According to the latest USDA Crop Progress Report issued on Sept. 5, 52 percent of Michigan’s corn and 46 percent of Michigan’s soybeans are rated in good-to-excellent condition, which aren’t strong numbers heading into harvest.
“The bean fields in our area are just starting to turn, so I anticipate some beans to be taken off by month end,” according to Stacey Hughes, the owner of Hughes Seed Solutions based out of Jackson County, Michigan. The company is also a Specialty Hybrids dealer.
Hughes says Michigan’s soybeans have been impacted by a number of different factors this growing season, including heat stress, drought stress, weed pressure, and disease pressure.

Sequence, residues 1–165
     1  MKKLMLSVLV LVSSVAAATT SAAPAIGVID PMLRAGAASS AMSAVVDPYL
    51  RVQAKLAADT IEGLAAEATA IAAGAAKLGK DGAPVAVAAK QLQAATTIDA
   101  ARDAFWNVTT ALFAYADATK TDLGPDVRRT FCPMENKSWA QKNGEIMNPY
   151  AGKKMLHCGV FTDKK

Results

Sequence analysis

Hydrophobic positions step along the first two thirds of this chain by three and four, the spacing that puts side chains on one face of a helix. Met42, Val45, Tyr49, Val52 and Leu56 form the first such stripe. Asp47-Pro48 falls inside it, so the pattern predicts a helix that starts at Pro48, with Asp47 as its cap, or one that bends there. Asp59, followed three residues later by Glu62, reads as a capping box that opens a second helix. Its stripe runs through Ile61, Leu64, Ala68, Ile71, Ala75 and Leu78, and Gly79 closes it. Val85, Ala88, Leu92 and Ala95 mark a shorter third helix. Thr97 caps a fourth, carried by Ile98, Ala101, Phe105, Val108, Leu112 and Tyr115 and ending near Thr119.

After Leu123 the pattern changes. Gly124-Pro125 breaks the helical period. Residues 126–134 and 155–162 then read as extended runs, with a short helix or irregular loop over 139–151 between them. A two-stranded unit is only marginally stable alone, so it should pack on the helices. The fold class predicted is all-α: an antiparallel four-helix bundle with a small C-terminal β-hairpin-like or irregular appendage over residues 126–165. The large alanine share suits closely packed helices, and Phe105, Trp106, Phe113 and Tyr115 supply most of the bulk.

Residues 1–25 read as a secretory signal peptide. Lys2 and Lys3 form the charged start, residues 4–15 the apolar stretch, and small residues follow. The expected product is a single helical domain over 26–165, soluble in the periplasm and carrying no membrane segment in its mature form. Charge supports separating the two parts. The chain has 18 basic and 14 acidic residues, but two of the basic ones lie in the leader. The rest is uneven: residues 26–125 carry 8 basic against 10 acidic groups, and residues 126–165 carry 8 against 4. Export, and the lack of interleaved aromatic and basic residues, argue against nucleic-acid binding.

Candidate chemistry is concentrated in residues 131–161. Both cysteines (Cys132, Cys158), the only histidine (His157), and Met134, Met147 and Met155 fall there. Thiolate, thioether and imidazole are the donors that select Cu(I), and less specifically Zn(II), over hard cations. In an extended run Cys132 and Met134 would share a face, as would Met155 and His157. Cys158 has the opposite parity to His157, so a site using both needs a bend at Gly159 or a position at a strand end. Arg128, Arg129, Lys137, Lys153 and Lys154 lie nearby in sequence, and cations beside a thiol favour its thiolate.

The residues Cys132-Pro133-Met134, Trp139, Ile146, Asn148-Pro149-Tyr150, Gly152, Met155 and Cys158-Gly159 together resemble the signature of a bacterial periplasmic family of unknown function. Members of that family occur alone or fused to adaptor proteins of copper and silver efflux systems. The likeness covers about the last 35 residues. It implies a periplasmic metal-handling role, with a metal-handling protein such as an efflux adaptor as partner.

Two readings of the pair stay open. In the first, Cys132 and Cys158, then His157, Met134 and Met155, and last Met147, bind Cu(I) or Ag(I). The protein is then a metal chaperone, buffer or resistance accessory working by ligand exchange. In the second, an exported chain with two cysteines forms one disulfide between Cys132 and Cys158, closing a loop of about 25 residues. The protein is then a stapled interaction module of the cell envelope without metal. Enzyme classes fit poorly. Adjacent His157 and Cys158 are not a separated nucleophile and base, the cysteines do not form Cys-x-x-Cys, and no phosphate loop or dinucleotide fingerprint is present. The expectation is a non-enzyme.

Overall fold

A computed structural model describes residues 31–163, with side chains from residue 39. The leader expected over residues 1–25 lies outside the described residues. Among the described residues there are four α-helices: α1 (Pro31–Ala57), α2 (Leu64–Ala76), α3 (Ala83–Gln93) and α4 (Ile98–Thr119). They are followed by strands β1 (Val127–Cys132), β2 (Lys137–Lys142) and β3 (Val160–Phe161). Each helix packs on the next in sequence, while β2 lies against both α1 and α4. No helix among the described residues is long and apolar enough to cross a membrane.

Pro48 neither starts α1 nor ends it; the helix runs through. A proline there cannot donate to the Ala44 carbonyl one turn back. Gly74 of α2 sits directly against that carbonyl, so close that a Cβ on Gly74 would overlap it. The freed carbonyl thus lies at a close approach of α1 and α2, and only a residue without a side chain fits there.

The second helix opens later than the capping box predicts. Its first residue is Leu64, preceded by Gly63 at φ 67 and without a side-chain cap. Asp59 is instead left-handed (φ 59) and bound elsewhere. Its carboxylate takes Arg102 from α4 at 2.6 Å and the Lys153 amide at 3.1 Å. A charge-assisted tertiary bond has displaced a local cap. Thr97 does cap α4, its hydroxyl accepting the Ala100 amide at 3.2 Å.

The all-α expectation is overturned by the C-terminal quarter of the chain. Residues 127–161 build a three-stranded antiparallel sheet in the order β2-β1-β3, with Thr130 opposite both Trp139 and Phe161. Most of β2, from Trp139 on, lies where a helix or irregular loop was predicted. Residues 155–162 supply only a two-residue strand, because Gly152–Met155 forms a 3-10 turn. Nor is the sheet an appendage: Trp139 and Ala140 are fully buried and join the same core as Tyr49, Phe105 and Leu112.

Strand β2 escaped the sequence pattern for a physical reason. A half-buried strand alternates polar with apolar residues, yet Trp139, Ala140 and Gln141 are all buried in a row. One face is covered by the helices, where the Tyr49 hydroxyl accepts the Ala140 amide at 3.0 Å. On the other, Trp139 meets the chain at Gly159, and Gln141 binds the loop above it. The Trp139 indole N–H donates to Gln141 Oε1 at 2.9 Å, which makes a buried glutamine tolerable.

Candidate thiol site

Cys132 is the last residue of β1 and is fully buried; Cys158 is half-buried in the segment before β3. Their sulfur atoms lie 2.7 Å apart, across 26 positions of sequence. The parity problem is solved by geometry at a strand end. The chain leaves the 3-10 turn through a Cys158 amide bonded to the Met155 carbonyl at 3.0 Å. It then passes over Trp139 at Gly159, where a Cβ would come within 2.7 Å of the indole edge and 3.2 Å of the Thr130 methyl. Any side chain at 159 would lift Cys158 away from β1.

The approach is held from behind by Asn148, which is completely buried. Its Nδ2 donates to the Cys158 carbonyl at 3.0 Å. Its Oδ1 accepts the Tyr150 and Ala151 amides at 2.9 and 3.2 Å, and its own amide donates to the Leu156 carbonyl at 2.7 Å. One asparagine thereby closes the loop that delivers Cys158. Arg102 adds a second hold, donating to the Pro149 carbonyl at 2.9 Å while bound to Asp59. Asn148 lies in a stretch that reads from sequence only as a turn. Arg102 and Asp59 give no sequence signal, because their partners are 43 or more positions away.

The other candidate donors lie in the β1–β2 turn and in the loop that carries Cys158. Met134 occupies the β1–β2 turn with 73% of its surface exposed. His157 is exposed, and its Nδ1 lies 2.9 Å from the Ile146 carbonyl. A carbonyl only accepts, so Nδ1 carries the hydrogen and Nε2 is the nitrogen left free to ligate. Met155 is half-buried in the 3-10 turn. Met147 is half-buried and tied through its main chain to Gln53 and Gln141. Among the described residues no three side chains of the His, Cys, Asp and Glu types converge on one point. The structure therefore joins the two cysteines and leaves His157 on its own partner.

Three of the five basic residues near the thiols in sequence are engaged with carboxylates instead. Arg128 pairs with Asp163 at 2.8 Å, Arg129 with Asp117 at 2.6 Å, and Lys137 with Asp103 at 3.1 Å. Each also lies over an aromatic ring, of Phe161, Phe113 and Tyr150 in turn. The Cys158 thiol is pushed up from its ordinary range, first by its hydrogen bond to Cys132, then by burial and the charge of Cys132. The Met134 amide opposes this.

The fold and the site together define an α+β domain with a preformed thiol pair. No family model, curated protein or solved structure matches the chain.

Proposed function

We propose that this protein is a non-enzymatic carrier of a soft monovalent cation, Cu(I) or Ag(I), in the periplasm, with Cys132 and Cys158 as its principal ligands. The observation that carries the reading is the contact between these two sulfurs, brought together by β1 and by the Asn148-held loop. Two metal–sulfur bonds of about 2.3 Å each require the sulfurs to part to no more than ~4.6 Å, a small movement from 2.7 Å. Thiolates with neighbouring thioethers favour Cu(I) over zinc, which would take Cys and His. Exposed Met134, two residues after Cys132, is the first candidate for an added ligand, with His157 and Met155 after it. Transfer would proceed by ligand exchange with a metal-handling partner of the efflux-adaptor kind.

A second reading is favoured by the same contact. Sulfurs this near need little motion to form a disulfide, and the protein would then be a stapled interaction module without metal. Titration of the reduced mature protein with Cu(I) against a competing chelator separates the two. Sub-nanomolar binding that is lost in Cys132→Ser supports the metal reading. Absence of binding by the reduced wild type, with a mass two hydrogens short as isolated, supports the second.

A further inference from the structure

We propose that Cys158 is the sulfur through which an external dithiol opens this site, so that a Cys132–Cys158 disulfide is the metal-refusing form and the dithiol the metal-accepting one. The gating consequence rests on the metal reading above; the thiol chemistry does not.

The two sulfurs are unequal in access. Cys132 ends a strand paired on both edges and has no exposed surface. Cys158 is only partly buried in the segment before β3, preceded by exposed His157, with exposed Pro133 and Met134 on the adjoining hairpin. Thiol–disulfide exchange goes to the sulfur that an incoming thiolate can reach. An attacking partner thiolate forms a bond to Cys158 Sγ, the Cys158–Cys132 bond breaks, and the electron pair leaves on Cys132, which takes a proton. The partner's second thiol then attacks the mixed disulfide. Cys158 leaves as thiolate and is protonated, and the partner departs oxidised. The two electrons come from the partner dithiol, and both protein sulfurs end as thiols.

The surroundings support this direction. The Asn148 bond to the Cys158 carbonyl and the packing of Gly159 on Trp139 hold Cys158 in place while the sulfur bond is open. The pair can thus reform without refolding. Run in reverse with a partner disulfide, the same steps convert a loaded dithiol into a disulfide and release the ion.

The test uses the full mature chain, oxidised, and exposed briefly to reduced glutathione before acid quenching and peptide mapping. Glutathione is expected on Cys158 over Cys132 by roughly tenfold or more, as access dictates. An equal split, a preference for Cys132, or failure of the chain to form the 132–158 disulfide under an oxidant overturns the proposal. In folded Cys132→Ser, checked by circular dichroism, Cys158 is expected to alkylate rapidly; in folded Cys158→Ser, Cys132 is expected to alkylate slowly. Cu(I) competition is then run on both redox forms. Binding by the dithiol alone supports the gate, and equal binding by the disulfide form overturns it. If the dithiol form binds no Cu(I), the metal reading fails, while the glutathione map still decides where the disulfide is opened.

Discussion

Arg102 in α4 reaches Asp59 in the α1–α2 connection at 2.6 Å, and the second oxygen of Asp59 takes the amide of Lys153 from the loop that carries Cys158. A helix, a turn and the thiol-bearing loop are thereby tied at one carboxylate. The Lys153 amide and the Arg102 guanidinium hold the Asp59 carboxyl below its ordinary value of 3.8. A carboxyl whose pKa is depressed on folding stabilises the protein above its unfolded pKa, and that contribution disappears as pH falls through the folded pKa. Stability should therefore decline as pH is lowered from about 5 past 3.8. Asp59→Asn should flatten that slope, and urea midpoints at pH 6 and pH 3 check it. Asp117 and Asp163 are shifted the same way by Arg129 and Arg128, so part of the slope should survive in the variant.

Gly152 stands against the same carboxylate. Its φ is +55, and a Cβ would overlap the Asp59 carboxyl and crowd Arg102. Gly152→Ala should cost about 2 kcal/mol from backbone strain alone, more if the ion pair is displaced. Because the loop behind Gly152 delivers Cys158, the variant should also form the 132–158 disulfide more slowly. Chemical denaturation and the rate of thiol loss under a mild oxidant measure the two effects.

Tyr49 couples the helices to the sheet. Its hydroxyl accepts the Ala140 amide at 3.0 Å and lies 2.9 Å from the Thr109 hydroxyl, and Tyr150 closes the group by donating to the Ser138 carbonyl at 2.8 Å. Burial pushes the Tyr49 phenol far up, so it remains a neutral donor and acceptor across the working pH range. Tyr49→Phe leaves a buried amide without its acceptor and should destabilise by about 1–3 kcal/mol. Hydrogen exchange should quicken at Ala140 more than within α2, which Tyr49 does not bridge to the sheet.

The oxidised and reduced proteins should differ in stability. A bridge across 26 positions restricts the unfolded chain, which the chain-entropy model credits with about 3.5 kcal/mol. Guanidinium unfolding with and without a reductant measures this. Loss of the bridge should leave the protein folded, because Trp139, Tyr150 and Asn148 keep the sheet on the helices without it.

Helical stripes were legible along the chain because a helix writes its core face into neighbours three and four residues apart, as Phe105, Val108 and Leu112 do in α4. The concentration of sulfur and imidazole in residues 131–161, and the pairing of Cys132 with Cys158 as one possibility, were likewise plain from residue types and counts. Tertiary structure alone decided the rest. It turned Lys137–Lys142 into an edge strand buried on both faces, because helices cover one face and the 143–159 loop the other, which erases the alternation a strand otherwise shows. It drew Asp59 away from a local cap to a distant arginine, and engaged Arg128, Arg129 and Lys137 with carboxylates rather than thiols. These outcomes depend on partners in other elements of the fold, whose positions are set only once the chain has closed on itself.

“Overall, soybeans haven’t seemed to recover right now quite like corn has from the early season stress,” says Hughes. “It seemed as though, for over a month, it was though beans were stuck. Now, if the fields aren’t completely damaged by deer, many in our area are infected with white mold, sudden death syndrome, and brown stem rot.
“If growers aren’t seeing sudden death syndrome for the first time, I do encourage them to take some soil samples after harvest and check for soybeans nematode as there is a correlation between those two diseases,” says Hughes.
The update is sponsored by Specialty Hybrids. At Specialty Hybrids, it’s your field, our Specialty. Find your local field sales representative and dealer online at www.specialtyhybrids.com.